• Movement with the galaxy within the universe
  • 24. Precession of Earth
  • 25. Motions of the Earth-Moon system
    • Phases of the Moon
      • When viewed from above the North Pole, the Moon orbits Earth in a counterclockwise (eastward) direction
      • The relative positions of the Sun, Earth, and Moon constantly change
      • Lunar phases are a consequence of the motion of the Moon and the sunlight that is reflected from its surface
  • 26. Phases of the Moon
  • 27. Motions of the Earth-Moon system
    • Lunar motions
      • Earth-Moon
        • Synodic month
          • Cycle of the phases
          • Takes 29 1/2 days
        • Sidereal month
          • True period of the Moon's revolution around Earth
          • Takes 27 1/3 days
  • 28. The difference between the sidereal month and the synodic month
  • 29. Motions of the Earth-Moon system
    • Lunar motions
      • Earth-Moon
        • The difference of two days between the synodic and sidereal cycles is due to the Earth-Moon system also moving in an orbit around the Sun
      • Moon's period of rotation about its axis and its revolution around Earth are the same, 27 1/3 days
        • Causes the same lunar hemisphere to always face Earth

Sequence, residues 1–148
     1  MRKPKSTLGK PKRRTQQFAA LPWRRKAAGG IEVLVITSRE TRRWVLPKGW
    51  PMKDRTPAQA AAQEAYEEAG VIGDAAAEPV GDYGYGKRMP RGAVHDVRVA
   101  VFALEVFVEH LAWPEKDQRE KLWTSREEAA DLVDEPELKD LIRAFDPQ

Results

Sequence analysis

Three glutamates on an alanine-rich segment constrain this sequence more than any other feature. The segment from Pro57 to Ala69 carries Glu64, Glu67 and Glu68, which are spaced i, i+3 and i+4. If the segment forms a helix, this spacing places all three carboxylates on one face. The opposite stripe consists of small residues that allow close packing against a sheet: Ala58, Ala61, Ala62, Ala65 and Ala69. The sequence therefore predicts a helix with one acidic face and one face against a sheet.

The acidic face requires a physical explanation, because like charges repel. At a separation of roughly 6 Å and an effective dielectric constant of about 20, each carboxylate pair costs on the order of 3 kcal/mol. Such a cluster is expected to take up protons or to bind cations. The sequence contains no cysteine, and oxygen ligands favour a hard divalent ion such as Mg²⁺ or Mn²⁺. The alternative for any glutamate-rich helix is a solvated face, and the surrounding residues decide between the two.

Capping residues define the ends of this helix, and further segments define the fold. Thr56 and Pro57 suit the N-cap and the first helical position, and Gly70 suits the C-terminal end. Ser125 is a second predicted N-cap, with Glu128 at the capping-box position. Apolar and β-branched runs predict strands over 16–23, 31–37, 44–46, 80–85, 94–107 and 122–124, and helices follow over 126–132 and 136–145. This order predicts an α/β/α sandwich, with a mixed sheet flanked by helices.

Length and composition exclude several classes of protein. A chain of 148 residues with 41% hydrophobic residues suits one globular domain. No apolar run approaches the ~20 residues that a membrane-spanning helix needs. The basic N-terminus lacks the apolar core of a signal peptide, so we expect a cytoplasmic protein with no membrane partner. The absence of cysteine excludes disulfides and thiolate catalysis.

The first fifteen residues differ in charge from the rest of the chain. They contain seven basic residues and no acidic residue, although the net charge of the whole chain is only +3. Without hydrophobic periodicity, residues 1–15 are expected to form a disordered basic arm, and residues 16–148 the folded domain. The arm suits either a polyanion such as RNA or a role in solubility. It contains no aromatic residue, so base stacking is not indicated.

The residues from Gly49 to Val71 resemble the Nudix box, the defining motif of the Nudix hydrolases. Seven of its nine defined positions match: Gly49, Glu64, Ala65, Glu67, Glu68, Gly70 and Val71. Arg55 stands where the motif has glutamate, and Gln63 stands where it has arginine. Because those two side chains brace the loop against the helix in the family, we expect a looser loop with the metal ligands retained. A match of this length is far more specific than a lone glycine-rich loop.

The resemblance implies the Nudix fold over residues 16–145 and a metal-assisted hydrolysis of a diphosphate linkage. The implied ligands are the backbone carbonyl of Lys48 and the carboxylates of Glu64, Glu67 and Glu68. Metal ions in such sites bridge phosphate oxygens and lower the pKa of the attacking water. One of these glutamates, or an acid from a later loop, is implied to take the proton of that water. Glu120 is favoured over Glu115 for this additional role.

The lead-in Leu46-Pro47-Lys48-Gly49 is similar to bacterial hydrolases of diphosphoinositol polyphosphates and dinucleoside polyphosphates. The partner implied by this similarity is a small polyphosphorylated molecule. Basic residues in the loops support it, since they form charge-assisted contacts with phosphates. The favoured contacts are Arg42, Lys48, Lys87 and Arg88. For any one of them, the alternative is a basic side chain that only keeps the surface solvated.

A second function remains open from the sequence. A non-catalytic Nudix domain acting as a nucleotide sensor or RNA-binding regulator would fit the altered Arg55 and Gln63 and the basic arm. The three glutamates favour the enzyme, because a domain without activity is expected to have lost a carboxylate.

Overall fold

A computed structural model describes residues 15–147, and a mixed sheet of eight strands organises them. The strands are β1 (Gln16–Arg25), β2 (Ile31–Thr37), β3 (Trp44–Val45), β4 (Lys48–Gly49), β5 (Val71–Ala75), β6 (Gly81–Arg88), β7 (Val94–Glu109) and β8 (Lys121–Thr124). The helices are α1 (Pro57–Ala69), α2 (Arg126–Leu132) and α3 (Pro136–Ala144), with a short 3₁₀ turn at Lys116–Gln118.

• 30. Motions of the Earth-Moon system
    • Eclipses
      • Simply shadow effects that were first understood by the early Greeks
      • Two types of eclipses
        • Solar eclipse
          • Moon moves in a line directly between Earth and the Sun
          • Can only occur during the new-Moon phase
  • 31. Solar eclipse
  • 32. Motions of the Earth-Moon system
    • Eclipses
      • Two types of eclipses
        • Lunar eclipse
          • Moon moves within the shadow of Earth
          • Only occurs during the full-Moon phase
          • For any eclipse to take place, the Moon must be in the plane of the ecliptic at the time of new- or full-Moon
  • 33. Motions of the Earth-Moon system
    • Eclipses
      • Two types of eclipses
        • Lunar eclipse
          • Because the Moon's orbit is inclined about 5 degrees to the plane of the ecliptic, during most of the times of new- and full-Moon the Moon is above or below the plane, and no eclipse can occur
          • The usual number of eclipses is four per year
  • 34. Lunar eclipse